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King of Scars by Leigh Bardugo

it took me a while to rid myself of the crushing weight of disappointed expectations that this book subjected me to, but here i am at last with a review, bullet point style

► the chapters i was most looking forward to—THE ICONIC NINA FREAKING ZENIK’S CHAPTERS—were the ones that disappointed me the most. they were honestly so boring . i didn’t care about the plotline, didn’t care about the new characters (which were severely underdeveloped, by the way), didn’t care about the burgeoning romance, didn’t care about anything, really. the stuff with matthias was beautiful but other than that it was all forgettable and mediocre, two words i honestly never thought id use to describe anything by leigh bardugo, but here we are.

► i—and i cannot stress this enough—could not give one (1) single iota of a shit about [character name redacted]’s chapters. oh my god. i swear a part of me died every time his name showed up in the chapter headers. if i could barely care about nina’s chapters, and they were from the POV of the aforementioned ICONIC NINA ZENIK, then i sure as hell couldn’t care about [character name reducated] of all people.*

(*for those who’ve read the book, you know who i mean. he’s a new character.)

► other than that, nothing in this book really stood out to me. zoya’s story was fine, nikolai’s story was fine. the plot was fine…i guess? the ending was definitely NOT fine, but by the time i got to it i was so indifferent that i was like ok this dumbass ending might as well happen i dont really care at this point ¯\_(ツ)_/¯

ill still read the sequel of course because im still holding out hope that there’ll be a whiff of the six of crows characters but other than that im not looking forward to anything..’s fine, im alright, not salty that this disappointed me or anything, everything is completely fine 🙂 🙂 🙂


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My Lady Jane is just so damn fun. It kinda reminds me of Guardians of the Galaxy in the way that it doesn’t take itself too seriously, but still manages to make you genuinely invested in its characters and their plot lines. It knows when to be funny, it knows when to be serious, and it never veers off too much in one direction, making the story lighthearted but still grounded. The characters are marvelously charming, and very hard not to love. We have Jane, who is smart, level-headed, and SO VERY BOOKISH; Gifford who is hilarious and so so sweet; and finally, Edward, who is sarcastic, willing to learn, and just very teenager-y (in all the good and angsty ways). The character dynamics are also a joy to read, the banter consistently and confidently hilarious. It catches you off guard in the best and most unexpected of times. And with such a peculiar twist to a historical fiction narrative—including people who can morph into all sorts of strange animals—and wonderfully self-aware narrators, the story shines even more. Having characters morph into these animals that were representative of them kinda felt like Patronuses 2.0, and also allowed for some weird, undeniably comical scenes between certain characters.All in all, My Lady Jane was the refreshing, entertaining read I was looking for, and then some.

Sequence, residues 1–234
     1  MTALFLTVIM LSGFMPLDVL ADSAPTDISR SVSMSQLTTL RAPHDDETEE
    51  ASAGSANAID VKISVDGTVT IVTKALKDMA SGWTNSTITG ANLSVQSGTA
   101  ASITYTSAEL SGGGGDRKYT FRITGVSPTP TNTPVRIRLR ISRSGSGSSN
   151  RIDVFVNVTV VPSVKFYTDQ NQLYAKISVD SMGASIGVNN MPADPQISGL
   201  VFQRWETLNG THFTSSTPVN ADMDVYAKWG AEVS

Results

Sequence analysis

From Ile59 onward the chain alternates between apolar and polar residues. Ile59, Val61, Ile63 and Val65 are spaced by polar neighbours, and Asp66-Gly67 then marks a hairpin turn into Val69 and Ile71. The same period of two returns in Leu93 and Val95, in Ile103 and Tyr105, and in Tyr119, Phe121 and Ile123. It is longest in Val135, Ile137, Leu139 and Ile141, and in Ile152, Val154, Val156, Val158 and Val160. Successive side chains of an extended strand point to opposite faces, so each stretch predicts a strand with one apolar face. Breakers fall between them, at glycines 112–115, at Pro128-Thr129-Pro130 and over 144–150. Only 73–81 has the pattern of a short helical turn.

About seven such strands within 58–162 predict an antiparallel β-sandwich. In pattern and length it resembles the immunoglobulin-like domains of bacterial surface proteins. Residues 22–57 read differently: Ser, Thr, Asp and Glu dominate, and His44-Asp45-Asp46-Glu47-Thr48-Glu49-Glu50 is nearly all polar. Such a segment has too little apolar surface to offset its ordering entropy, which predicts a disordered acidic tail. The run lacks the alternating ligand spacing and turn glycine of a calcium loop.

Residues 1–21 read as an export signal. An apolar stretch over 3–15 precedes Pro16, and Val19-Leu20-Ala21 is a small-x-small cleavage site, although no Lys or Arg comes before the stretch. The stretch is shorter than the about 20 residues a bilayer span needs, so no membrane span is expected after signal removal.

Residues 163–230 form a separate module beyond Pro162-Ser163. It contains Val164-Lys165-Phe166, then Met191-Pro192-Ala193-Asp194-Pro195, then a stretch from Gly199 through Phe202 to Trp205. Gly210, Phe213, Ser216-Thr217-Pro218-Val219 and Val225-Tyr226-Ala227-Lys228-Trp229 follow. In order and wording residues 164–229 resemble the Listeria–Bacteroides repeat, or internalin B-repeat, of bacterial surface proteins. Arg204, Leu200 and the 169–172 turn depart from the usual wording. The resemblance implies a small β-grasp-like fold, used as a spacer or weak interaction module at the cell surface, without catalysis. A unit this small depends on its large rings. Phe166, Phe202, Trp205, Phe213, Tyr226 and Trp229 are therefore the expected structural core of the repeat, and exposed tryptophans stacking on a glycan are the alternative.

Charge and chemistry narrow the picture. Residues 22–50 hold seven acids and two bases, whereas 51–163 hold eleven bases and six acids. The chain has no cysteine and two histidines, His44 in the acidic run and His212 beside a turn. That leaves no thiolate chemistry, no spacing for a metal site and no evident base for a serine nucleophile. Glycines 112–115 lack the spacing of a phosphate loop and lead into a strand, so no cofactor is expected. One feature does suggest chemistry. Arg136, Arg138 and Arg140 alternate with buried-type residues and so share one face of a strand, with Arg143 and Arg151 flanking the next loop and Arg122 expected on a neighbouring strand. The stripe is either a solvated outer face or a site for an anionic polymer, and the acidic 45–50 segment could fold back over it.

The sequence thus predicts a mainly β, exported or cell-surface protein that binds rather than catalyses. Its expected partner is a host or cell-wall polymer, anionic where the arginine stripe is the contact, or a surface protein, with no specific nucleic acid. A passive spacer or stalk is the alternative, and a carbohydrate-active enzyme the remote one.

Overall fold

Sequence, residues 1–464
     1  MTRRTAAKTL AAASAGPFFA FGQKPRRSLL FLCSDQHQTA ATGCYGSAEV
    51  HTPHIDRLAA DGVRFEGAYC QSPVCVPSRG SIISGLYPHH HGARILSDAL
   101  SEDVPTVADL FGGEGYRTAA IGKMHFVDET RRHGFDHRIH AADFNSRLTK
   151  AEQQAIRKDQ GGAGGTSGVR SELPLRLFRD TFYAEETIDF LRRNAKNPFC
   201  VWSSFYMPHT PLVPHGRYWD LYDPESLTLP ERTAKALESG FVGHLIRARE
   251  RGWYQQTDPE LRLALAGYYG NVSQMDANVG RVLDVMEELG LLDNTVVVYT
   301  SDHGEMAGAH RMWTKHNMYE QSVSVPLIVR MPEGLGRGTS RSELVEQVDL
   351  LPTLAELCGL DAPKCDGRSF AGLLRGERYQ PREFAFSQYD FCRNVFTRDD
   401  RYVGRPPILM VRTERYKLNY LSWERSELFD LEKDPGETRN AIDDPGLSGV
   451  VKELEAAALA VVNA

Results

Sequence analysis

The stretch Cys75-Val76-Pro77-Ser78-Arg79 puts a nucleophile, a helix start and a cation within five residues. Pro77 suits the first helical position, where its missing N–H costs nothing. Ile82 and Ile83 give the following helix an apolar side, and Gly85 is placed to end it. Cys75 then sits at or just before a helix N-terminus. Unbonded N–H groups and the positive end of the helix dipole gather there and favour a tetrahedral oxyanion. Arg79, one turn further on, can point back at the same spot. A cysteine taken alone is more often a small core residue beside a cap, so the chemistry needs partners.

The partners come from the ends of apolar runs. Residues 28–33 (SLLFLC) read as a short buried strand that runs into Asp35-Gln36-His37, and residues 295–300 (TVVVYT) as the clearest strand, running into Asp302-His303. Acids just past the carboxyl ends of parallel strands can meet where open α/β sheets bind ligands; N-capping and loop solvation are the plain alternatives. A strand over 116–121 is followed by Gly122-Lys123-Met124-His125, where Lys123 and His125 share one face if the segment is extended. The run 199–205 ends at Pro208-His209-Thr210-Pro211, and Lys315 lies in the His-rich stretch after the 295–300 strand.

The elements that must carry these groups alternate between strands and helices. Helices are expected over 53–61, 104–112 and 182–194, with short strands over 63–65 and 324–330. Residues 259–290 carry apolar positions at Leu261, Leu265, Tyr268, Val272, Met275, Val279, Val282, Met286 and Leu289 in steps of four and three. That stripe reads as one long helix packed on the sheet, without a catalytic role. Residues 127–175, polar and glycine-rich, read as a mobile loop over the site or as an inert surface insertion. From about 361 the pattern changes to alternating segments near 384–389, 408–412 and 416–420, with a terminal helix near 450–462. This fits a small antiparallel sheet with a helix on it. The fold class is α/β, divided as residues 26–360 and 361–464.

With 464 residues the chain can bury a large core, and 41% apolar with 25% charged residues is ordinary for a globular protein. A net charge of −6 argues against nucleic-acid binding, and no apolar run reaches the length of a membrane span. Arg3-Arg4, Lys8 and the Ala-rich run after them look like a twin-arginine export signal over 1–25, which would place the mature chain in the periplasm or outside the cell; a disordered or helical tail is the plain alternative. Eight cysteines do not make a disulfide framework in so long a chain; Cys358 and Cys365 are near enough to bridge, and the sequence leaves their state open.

This was underwhelming, to be honest.

Let me preface this review by saying that I think a lot of people will like this book. In fact, a lot of people havealready liked this book. It’s by no means a book with no merits. For me, it wasn’t a bad book so much as it was an underdeveloped one.

More than anything, Sky in the Deep felt like the scaffolding of a much better book. The bare-bones of the story are actually pretty compelling: a warrior from a fierce clan runs into her supposedly dead brother while she’s in battle. In a turn of events she finds herself living behind enemy lines, trying to reconnect with said brother—and the story goes from there. This, in addition to the mythology promised by the synopsis and that (BEAUTIFUL) cover are what initially drew me to the book.

For all its potential, though, the story ended up falling flat. It was just very…mediocre. The characters were okay (if a little bland), but there was so little dialogue between them that their dynamics became something you were told as opposed to shown. And because of that, the meager character interactions we did get rang false; they ended up feeling like they were pressuring me into feeling emotion that I just didn’t feel. That’s not to say that this book’s characters were emotionless. You read from Eelyn’s POV for the whole book, so you do get a lot of what she’s feeling. And yet, a lot of her feelings felt superficial, or at least simplistically described. More than that though, you’re in her head for the whole book, yet still there wasn’t a sense of true introspection to me.

As for the world-building and plot, they were much like the characters: I could tell that there was an effort to flesh them out, to make them substantial, but still they lacked that oomph factor I wanted to see. The plot in particular I found to be very elementary. I won’t go into spoilers, but I wish the author had opted for something less typical.

Like I said before, I don’t think this was a disaster of a book—it really wasn’t. The characters, the world-building, the plot progression—they were all developed, but not enough. And because of that, Sky in the Deep ended up feeling like a really promising story in theory but a rather disappointing one in execution. Nonetheless, I’d still recommend trying it. If all the rest of the reviews for it are any indication, you’ll probably like it.

(thank you to Wednesday Books for providing me with an e-ARC of this through NetGalley!!!!)


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